Museum of Science, Boston Announces Winners of 2019 National Quantum Matters™ Science Communication Competition

Replica of IBM Q System One on Display through May 31

BOSTON, MA (April 8, 2019) — The Museum of Science, Boston announced today that Sue Shi of Mount Holyoke College and Calvin Leung of MIT were awarded first and second place, respectively, at the finals of the 2019 Quantum Matters™ Science Communication Competition. Four finalists competed before an audience of Museum visitors and a panel of expert judges to present the most creative interpretations of quantum mechanical ideas like superposition and entanglement. With generous support from the National Science Foundation, the competition receiving entries from all over the country and Canada. Additionally, Shi and Leung were chosen as the Audience Choice award winners, as Museum visitors texted in their votes. The competition finals were held at the Museum’s Nano Days with a Quantum Leap event on April 6th, which also featured the debut of a replica of IBM’s new quantum computer, as well as a variety of hands-on activities with graduate students from local universities.

“Through the Quantum Matters™ competition, we invited researchers to help us explore new ways to inspire young people and share with broader audiences some of the excitement surrounding the current surge in quantum science and technology research,” said Carol Lynn Alpert, Director, Strategic Projects at the Museum of Science and Co-Director of Harvard’s NSF-funded Center for Integrated Quantum Materials. “Our four finalists developed unique and creative ways to explain complex quantum mechanical behaviors to a family audience through story, analogy, and game-making, and they also showed why we should care about the work being done.”

Nano Days with a Quantum Leap also debuted, “Look Inside a Quantum Computer,” which features a replica of IBM’s newest quantum computer, IBM Q System One, which will be on display through the month of May. IBM Q System One is the industry’s first fully integrated universal quantum computing system, designed and built to scale for scientific and commercial use. This replica is modeled after IBM’s commercial systems available to the IBM Q Network of Fortune 500 companies, academic institutions, government labs, and startups.

“Quantum has captured the imagination of researchers and academics for decades because of its potential to transform diverse industries from chemistry, to finance, to automotive,” said Dr. Bob Sutor, VP, IBM Q Strategy and Ecosystem, IBM Research. “IBM is excited to collaborate with the Museum of Science, Boston, as we bring quantum computing beyond the lab and educate the public about a technology that is likely to become a permanent part of the computer landscape.”

The 2019 Quantum Matters™ Science Communication Competition featured four finalists: Gideon Bass, lead scientist at Booz Allen Hamilton, Aditya Jain, PhD candidate at the Institute for Quantum Computing at the University of Waterloo, Calvin Leung, PhD candidate at MIT, and Sue Shi, senior at Mount Holyoke College. The competition was evaluated by judges Dr. Joe Checkelsky, professor of physics at MIT, Diana P.L. Aude Craik, a post-doctorate researcher at Harvard University, Brindha Muniappan, Director of Education and Public Programs at the MIT Museum, and Evan Hadingham, Senior Science Editor at NOVA/PBS.

Throughout Nano Days with a Quantum Leap, a variety of interactive, learning experiences were hosted throughout the Museum to introduce guests to nano and quantum topics, including:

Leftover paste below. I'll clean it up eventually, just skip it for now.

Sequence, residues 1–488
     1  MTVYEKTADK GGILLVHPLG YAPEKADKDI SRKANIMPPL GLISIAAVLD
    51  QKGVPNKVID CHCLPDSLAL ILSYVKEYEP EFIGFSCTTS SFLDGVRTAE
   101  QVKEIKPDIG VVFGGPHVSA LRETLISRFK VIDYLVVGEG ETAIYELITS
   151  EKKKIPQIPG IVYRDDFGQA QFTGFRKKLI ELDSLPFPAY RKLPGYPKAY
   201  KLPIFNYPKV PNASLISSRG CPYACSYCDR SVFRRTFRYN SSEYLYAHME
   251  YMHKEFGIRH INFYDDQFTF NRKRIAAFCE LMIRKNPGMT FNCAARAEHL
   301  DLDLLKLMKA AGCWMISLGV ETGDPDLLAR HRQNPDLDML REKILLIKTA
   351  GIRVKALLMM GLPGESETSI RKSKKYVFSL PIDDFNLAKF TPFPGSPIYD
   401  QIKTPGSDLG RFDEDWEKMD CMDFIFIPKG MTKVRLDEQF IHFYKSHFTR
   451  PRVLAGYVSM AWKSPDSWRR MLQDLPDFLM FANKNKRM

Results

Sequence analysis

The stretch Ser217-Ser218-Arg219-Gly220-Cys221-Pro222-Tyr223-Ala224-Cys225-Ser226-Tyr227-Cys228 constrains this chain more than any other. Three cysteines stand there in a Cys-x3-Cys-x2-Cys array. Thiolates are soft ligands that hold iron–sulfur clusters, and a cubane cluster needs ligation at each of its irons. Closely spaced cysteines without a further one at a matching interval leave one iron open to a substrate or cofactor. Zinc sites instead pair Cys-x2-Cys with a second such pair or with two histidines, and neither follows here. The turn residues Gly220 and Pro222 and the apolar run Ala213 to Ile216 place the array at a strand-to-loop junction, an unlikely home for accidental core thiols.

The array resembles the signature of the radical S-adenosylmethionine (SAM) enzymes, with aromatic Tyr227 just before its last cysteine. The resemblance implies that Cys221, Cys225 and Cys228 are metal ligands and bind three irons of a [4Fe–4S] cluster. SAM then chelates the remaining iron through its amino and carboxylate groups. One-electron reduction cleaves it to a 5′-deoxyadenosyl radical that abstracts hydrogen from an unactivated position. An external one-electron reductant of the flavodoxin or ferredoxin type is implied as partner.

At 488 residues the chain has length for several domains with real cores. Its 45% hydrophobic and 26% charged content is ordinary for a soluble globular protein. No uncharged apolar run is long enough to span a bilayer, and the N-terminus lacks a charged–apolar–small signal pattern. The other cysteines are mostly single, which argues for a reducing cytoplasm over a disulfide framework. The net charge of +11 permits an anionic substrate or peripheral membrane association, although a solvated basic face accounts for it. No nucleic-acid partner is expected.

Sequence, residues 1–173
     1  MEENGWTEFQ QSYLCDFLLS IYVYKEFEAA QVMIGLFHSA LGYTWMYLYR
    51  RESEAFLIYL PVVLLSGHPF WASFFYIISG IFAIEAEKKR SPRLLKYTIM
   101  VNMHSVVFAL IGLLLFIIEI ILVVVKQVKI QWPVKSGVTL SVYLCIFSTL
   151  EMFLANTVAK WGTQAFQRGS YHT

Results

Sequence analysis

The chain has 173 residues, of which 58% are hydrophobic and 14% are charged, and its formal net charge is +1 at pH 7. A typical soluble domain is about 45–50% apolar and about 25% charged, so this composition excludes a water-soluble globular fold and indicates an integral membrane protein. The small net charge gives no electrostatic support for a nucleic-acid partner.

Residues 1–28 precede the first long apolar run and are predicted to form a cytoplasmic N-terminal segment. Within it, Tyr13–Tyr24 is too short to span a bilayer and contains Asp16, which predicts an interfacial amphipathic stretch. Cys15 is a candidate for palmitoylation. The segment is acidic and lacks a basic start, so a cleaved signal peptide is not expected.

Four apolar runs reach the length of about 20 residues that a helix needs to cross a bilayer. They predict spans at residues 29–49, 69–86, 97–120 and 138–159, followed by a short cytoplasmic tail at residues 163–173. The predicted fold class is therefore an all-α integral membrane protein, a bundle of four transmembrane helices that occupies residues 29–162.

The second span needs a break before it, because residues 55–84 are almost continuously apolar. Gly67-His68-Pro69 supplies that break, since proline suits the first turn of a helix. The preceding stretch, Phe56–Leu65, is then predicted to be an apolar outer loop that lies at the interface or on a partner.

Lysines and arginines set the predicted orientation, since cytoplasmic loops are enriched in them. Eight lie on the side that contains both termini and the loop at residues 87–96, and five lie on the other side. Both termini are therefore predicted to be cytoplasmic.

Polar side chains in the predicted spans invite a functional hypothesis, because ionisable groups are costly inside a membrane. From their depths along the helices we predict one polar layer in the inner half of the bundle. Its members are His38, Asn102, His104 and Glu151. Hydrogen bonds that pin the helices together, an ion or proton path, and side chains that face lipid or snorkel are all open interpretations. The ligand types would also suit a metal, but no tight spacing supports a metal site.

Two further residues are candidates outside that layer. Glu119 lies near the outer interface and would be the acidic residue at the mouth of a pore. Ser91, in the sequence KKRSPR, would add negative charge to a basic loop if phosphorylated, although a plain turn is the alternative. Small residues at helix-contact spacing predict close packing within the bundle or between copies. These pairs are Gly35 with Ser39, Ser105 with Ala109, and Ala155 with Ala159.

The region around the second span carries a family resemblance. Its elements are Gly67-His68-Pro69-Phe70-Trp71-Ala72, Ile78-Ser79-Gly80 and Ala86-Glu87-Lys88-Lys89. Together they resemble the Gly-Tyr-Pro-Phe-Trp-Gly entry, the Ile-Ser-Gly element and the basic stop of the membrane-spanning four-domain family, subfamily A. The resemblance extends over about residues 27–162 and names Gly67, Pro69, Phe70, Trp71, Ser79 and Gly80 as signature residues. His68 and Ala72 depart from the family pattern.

· A talk from Dr. Diana P.L. Aude Craik, who discussed the work of “quantum engineers,” who can isolate and control single atoms, turning them into information processing units for use in the coming quantum computing revolution.
· The Amazing Nano Brothers Juggling Show returned to the Museum with another set of over-the-top performances, introducing audience members to nano and quantum science through comedy and virtuoso juggling.
· MIT Physics Professor Joe Checkelsky and VR expert Scott Greenwald from the MIT Materials Research Lab guided visitors into a virtual world of crystal structures.
· Harvard and MIT nano and quantum researchers were stationed throughout the Museum, hosting hands-on activities for guests.
· The Museum’s Butterfly Garden hosted a special activity about the tiny nanostructures that give butterfly wings their vibrant colors and leaves their self-cleaning properties.

Nano Days with a Quantum Leap and the Quantum Matters™ Science Communication Competition were produced with generous support from the National Science Foundation through the Center for Integrated Quantum Materials, award #1231319.

About the Museum of Science, Boston
One of the world’s largest science centers and New England’s most attended cultural institution, the Museum introduces more than 1.4 million visitors a year to STEM (science, technology, engineering and math) through the world-class hands-on exhibits, programs and pre-K-12 curricula of its William and Charlotte Bloomberg Science Education Center. An extraordinary variety of learning experiences span the Hall of Human Life, Thomson Theater of Electricity, Charles Hayden Planetarium, Mugar Omni Theater, Gordon Current Science & Technology Center, 4-D Theater, and Butterfly Garden. The Science Behind Pixar, created with Pixar Animation Studios, is touring internationally. The Museum’s National Center for Technological Literacy® has transformed STEM education nationally and internationally through advocacy, standards and assessment reforms, teacher professional development, and curriculum development. The Museum’s pre-K-12 curricula, including its award-winning Engineering is Elementary®, have reached an estimated 18 million students and 185,000 educators. Visit:

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